Pure water is distilled from waste water in the International Space Station. The distillation assembly consists of an evaporator, a compressor and a condenser. Vapor is periodically purged from the condenser to avoid vapor accumulation. Purged vapor is condensed in a tube by coolant water prior to entering the purge pump. The paper presents a condensation model of purged vapor in a tube. This model is based on the Finite Volume Method. In the Finite Volume Method, the flow domain is discretized into multiple control volumes and a simultaneous analysis is performed.
Extension of a three-dimensional viscous wing flow analysis user's manual: VISTA 3-D code
NASA Technical Reports Server (NTRS)
Weinberg, Bernard C.; Chen, Shyi-Yaung; Thoren, Stephen J.; Shamroth, Stephen J.
1990-01-01
Three-dimensional unsteady viscous effects can significantly influence the performance of fixed and rotary wing aircraft. These effects are important in both flows about helicopter rotors in forward flight and flows about three-dimensional (swept and tapered) supercritical wings. A computational procedure for calculating such flow field was developed. The procedure is based upon an alternating direction technique employing the Linearized Block Implicit method for solving three-dimensional viscous flow problems. In order to demonstrate the viability of this method, two- and three-dimensional problems are computed. These include the flow over a two-dimensional NACA 0012 airfoil under steady and oscillating conditions, and the steady, skewed, three-dimensional flow on a flat plate. Although actual three-dimensional flows over wings were not obtained, the ground work was laid for considering such flows. In this report a description of the computer code is given.
Caughey, David
2010-10-08
A Symposium on Turbulence and Combustion was held at Cornell University on August 3-4, 2009. The overall goal of the Symposium was to promote future advances in the study of turbulence and combustion, through an unique forum intended to foster interactions between leading members of these two research communities. The Symposium program consisted of twelve invited lectures given by world-class experts in these fields, two poster sessions consisting of nearly 50 presentations, an open forum, and other informal activities designed to foster discussion. Topics covered in the lectures included turbulent dispersion, wall-bounded flows, mixing, finite-rate chemistry, and others, using experiment, modeling, and computations, and included perspectives from an international community of leading researchers from academia, national laboratories, and industry.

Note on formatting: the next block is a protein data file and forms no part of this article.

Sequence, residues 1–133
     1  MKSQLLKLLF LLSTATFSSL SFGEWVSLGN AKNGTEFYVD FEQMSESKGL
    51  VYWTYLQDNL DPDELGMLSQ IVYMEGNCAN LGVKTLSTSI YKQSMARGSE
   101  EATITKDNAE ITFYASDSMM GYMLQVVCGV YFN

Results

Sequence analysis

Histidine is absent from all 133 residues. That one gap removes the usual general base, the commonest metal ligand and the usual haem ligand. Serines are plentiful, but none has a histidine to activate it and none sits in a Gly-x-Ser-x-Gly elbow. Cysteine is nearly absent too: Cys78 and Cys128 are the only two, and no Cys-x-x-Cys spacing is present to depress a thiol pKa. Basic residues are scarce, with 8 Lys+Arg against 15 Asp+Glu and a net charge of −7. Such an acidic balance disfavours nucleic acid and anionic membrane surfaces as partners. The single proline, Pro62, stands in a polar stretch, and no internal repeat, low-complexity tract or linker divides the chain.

NASA Technical Reports Server (NTRS)
Kumar, A.
1984-01-01
A computer program NASCRIN has been developed for analyzing two-dimensional flow fields in high-speed inlets. It solves the two-dimensional Euler or Navier-Stokes equations in conservation form by an explicit, two-step finite-difference method. An explicit-implicit method can also be used at the user's discretion for viscous flow calculations. For turbulent flow, an algebraic, two-layer eddy-viscosity model is used. The code is operational on the CDC CYBER 203 computer system and is highly vectorized to take full advantage of the vector-processing capability of the system. It is highly user oriented and is structured in such a way that for most supersonic flow problems, the user has to make only a few changes. Although the code is primarily written for supersonic internal flow, it can be used with suitable changes in the boundary conditions for a variety of other problems.
Bandy, P.J.; Hall, L.F.
1993-03-01
This report presents information on computer codes for numerical and analytical models that have been used at the Idaho National Engineering Laboratory (INEL) to model ground water and surface water flow and contaminant transport. Organizations conducting modeling at the INEL include: EG G Idaho, Inc., US Geological Survey, and Westinghouse Idaho Nuclear Company. Information concerning computer codes included in this report are: agency responsible for the modeling effort, name of the computer code, proprietor of the code (copyright holder or original author), validation and verification studies, applications of the model at INEL, the prime user of the model, computer code description, computing environment requirements, and documentation and references for the computer code.
Potential flow theory and operation guide for the panel code PMARC
NASA Technical Reports Server (NTRS)
Ashby, Dale L.; Dudley, Michael R.; Iguchi, Steve K.; Browne, Lindsey; Katz, Joseph
1991-01-01
The theoretical basis for PMARC, a low-order potential-flow panel code for modeling complex three-dimensional geometries, is outlined. Several of the advanced features currently included in the code, such as internal flow modeling, a simple jet model, and a time-stepping wake model, are discussed in some detail. The code is written using adjustable size arrays so that it can be easily redimensioned for the size problem being solved and the computer hardware being used. An overview of the program input is presented, with a detailed description of the input available in the appendices. Finally, PMARC results for a generic wing/body configuration are compared with experimental data to demonstrate the accuracy of the code. The input file for this test case is given in the appendices.